Coriander Substitute: 17 Best Alternatives For Your Choice
Coriander is a type of herb that’s commonly used for garnishing and as an ingredient in salads, spreads, and dips. Its taste is quite unique since it comes with a fusion of many different flavors – earthy, lemony, zesty, and peppery (just to name a few).
For some reason, not all people like the taste (and smell) of coriander. In fact, some people say that it tastes like soap.
If you don’t want to use coriander in your recipes that call for it, then just use a substitute (a more pleasant herb with similar characteristics). This post is dedicated to providing you with a list of substitutes for coriander. Whether or not you like coriander, it would help to know your options when you need to replace this particular ingredient.
17 Coriander Substitutes
Substitute #1 – Cilantro
The cilantro herb is a relative (close cousin) of coriander – that’s why they have the same taste. Note that ground coriander actually came from the seeds of a cilantro plant (that’s how related they are).
When using cilantro as coriander substitute, keep in mind that the leaves are less spicy than the seed version. Therefore, opting to use seeds would require you to use less of said ingredient.
Substitute #2 – Curry Powder
Curry powder is made by combining different types of herbs and spices – one of which is coriander. So, yes, it naturally carries a distinct coriander taste and is also quite spicy. Because of its overall taste (strong), remember to use it sparingly (especially as a substitute).
If you’re particularly making Indian cuisine, you can use a lot of curry powder as such dishes usually carry this ingredient anyway.
Substitute #3 – Cloves
Cloves are popular as aromatic ingredients in dishes – but this type of spice also carries a certain degree of sweetness. Like coriander, cloves also have that anise-like taste. Unlike coriander, however, cloves don’t have that lemony-zest flavor. As a substitute, Cloves would complement roasted dishes and those that make use of rubbing mixtures.
Substitute #4 – Sage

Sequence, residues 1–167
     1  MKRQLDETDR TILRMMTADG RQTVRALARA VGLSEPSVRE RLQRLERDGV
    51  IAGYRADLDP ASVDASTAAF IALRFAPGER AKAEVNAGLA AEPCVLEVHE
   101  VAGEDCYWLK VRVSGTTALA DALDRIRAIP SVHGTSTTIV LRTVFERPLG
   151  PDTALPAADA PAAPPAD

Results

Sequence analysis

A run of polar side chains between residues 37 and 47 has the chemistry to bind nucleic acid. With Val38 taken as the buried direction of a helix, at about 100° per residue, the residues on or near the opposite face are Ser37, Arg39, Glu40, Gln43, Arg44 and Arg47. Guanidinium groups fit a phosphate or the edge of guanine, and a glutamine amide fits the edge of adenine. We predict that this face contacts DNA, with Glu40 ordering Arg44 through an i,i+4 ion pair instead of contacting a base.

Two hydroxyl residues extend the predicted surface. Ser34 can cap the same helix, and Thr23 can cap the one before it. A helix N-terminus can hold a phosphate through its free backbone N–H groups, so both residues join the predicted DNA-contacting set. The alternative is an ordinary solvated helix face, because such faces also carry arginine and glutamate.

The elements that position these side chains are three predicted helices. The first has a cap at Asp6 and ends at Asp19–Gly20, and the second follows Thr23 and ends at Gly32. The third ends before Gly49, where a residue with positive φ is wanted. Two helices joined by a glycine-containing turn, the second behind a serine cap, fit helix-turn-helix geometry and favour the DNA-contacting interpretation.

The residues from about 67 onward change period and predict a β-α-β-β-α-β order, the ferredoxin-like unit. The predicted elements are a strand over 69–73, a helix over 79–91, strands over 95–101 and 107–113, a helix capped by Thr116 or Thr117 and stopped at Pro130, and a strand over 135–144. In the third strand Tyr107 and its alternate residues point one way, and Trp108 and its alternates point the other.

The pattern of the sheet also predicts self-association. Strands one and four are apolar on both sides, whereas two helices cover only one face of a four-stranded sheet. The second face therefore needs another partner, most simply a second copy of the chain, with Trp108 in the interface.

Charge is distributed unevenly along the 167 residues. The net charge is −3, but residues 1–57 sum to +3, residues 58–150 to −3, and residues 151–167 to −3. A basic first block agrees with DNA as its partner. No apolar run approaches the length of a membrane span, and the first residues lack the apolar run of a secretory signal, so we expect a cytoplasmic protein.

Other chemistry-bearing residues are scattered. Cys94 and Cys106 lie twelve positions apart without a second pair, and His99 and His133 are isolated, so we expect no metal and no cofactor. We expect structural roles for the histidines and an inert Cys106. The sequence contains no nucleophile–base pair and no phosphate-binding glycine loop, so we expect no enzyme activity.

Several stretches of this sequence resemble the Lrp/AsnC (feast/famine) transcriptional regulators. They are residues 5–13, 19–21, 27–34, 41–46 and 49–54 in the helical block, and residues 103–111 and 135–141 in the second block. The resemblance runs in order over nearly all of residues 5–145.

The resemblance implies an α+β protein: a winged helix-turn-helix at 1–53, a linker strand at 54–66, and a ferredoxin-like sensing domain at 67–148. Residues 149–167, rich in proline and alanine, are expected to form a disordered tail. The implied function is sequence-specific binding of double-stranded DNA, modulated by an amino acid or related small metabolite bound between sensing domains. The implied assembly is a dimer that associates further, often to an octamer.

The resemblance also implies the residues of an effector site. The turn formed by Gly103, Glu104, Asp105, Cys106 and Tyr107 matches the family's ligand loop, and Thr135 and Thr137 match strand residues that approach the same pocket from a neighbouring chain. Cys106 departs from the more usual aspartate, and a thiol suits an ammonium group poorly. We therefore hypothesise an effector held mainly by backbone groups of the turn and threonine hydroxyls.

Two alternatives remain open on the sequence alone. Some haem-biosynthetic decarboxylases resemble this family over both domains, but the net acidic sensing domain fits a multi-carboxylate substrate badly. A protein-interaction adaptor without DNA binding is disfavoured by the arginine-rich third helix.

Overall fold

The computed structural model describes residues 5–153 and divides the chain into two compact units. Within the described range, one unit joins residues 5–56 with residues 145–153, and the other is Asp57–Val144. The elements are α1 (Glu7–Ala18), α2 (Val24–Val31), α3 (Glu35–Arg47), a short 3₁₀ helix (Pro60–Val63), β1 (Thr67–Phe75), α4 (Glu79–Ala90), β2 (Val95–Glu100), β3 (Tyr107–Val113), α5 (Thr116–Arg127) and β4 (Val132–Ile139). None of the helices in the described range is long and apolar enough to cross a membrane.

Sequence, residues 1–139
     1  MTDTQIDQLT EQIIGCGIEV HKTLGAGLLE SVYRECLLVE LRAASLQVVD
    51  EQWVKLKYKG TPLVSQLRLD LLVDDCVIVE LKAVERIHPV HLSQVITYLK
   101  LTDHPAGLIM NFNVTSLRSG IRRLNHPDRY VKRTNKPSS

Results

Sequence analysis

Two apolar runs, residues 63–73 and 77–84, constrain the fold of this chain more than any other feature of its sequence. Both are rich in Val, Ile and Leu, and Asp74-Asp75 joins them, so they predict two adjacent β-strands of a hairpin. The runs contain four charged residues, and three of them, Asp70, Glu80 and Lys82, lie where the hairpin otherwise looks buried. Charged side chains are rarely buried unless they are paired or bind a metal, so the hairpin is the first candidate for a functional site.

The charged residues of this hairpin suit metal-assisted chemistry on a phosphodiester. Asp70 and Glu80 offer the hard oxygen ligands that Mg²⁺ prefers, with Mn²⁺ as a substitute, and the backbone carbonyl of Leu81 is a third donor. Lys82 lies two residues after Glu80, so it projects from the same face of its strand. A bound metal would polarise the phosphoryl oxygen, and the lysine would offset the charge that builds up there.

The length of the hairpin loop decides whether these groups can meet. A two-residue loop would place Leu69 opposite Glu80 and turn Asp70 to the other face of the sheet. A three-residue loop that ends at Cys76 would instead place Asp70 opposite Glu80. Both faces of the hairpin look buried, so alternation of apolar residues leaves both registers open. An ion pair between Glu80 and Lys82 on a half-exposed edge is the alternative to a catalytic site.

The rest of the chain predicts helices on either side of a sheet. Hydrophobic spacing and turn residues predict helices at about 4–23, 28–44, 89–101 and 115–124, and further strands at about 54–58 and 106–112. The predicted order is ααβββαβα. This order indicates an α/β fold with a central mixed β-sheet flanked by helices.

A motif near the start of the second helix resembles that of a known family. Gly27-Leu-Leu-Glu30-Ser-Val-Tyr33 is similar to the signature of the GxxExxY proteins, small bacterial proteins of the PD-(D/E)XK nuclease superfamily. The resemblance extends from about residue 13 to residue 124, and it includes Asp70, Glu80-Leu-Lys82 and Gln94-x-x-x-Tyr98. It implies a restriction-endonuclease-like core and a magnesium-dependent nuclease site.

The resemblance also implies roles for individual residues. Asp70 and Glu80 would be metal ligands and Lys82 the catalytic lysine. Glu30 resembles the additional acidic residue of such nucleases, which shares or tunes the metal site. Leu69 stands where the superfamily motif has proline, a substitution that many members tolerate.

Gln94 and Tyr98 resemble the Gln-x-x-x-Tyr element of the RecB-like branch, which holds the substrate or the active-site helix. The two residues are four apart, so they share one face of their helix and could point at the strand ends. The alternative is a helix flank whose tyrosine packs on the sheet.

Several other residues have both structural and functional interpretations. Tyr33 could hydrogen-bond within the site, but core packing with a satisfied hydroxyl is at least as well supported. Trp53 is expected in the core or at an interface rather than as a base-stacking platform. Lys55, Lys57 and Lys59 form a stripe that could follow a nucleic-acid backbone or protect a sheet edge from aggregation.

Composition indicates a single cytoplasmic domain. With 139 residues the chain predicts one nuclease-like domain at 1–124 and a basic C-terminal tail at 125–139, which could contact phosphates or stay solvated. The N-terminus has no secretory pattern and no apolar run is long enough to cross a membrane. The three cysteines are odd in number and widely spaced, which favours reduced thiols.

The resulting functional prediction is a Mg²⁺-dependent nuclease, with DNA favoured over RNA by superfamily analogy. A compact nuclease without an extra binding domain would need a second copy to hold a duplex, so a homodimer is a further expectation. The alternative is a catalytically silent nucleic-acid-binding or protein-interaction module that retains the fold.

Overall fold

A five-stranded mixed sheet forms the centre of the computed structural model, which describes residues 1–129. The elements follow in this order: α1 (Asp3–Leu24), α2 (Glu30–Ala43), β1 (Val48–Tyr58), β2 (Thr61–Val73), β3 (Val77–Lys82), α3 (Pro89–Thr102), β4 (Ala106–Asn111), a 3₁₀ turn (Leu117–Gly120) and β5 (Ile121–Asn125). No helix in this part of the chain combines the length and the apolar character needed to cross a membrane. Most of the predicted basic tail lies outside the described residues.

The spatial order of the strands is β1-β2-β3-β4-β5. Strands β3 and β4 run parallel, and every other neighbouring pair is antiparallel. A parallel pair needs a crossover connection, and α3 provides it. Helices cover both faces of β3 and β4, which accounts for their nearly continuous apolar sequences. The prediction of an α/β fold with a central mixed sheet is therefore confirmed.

Sage is a light and pleasant-tasting herb that can also replace coriander in dishes. It comes with a zesty flavor (just like coriander) and is mild-tasting. You can use sage liberally as coriander substitute or on its own.
Substitute #5 – Garam Masala
Garam masala is very similar to Curry powder (in characteristics) – that’s why you can also use it as a substitute for coriander. Like curry powder, Garam Masala is also a combination of different types of ingredients that make it quite spicy (peppery).
As an aromatic seasoning, Garam Masala is also a popular ingredient in Indian cuisines (again, like curry powder). You can use Garam Masala as a substitute for coriander and curry powder (it also carries a yellowish color).
Substitute #6 – Cardamom Seeds
Cardamom is a pleasant-tasting spice – it carries a sweet taste and has some smoky flavor as well. Since cardamom is stronger-tasting than coriander, using it as a substitute would require you to lower its proportion – otherwise, the taste would be too overwhelming.
Substitute #7 – Oregano
Fresh and dried oregano is similar to coriander in taste (earthy and minty). Yes, you can use it to replace coriander and it will also complement Italian dishes.
Substitute #8 – Lime Basil
Lime basil is not an ordinary basil – actually, it’s also called citrusy basil. This particular type of basil carries lemony notes (that’s why it’s refreshing in taste and smell). If you’re not familiar with this herb, that’s because it’s not that common (and is hard to find in stores).
Lime Basil is one of those herbs that can be grown in pots – so, you can have one at home. This way, you will always have a ready substitute for coriander (or use it as it is).
Substitute #9 - Thyme
Thyme is another pleasant-tasting, all-around herb that can substitute for coriander in recipes. Its lemony taste makes it similar to coriander, but its overall taste is mild.
Substitute #10 – Parsley
Parsley is an all-around herb, and it can also be used as a substitute for coriander. Whether fresh or dried, Parsley can replace coriander in recipes. Just keep in mind that although it carries a slightly lemony taste like coriander, Parsley lacks the zing that’s found in coriander.